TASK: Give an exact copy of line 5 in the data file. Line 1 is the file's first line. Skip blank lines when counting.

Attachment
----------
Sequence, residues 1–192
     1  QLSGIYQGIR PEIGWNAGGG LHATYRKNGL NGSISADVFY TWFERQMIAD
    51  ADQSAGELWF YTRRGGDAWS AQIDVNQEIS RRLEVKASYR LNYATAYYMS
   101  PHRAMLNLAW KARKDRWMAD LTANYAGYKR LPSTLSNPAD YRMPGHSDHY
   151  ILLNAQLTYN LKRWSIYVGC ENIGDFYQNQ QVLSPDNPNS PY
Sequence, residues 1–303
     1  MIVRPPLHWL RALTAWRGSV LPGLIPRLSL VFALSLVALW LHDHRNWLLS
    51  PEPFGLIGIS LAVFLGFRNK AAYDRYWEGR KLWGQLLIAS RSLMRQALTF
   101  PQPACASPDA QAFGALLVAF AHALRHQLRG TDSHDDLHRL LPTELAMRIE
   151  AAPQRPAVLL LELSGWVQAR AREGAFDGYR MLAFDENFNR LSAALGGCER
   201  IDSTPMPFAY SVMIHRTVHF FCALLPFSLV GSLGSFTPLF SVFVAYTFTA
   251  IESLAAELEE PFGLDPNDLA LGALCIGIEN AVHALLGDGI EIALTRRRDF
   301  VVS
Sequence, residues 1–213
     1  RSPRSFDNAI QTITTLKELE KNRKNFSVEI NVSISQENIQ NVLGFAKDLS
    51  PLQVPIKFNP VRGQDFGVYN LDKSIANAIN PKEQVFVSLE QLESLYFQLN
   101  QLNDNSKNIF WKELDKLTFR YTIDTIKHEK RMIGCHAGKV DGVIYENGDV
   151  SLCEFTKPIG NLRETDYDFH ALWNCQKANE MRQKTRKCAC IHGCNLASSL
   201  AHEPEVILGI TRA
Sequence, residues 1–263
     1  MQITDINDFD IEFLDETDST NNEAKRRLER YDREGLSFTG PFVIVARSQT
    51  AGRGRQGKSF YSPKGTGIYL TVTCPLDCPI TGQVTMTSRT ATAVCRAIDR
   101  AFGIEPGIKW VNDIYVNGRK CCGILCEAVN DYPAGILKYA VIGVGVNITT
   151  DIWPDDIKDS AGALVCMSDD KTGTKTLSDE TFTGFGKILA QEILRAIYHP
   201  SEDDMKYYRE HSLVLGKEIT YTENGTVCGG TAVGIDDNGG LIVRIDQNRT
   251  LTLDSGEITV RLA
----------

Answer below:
   151  ILLNAQLTYN LKRWSIYVGC ENIGDFYQNQ QVLSPDNPNS PY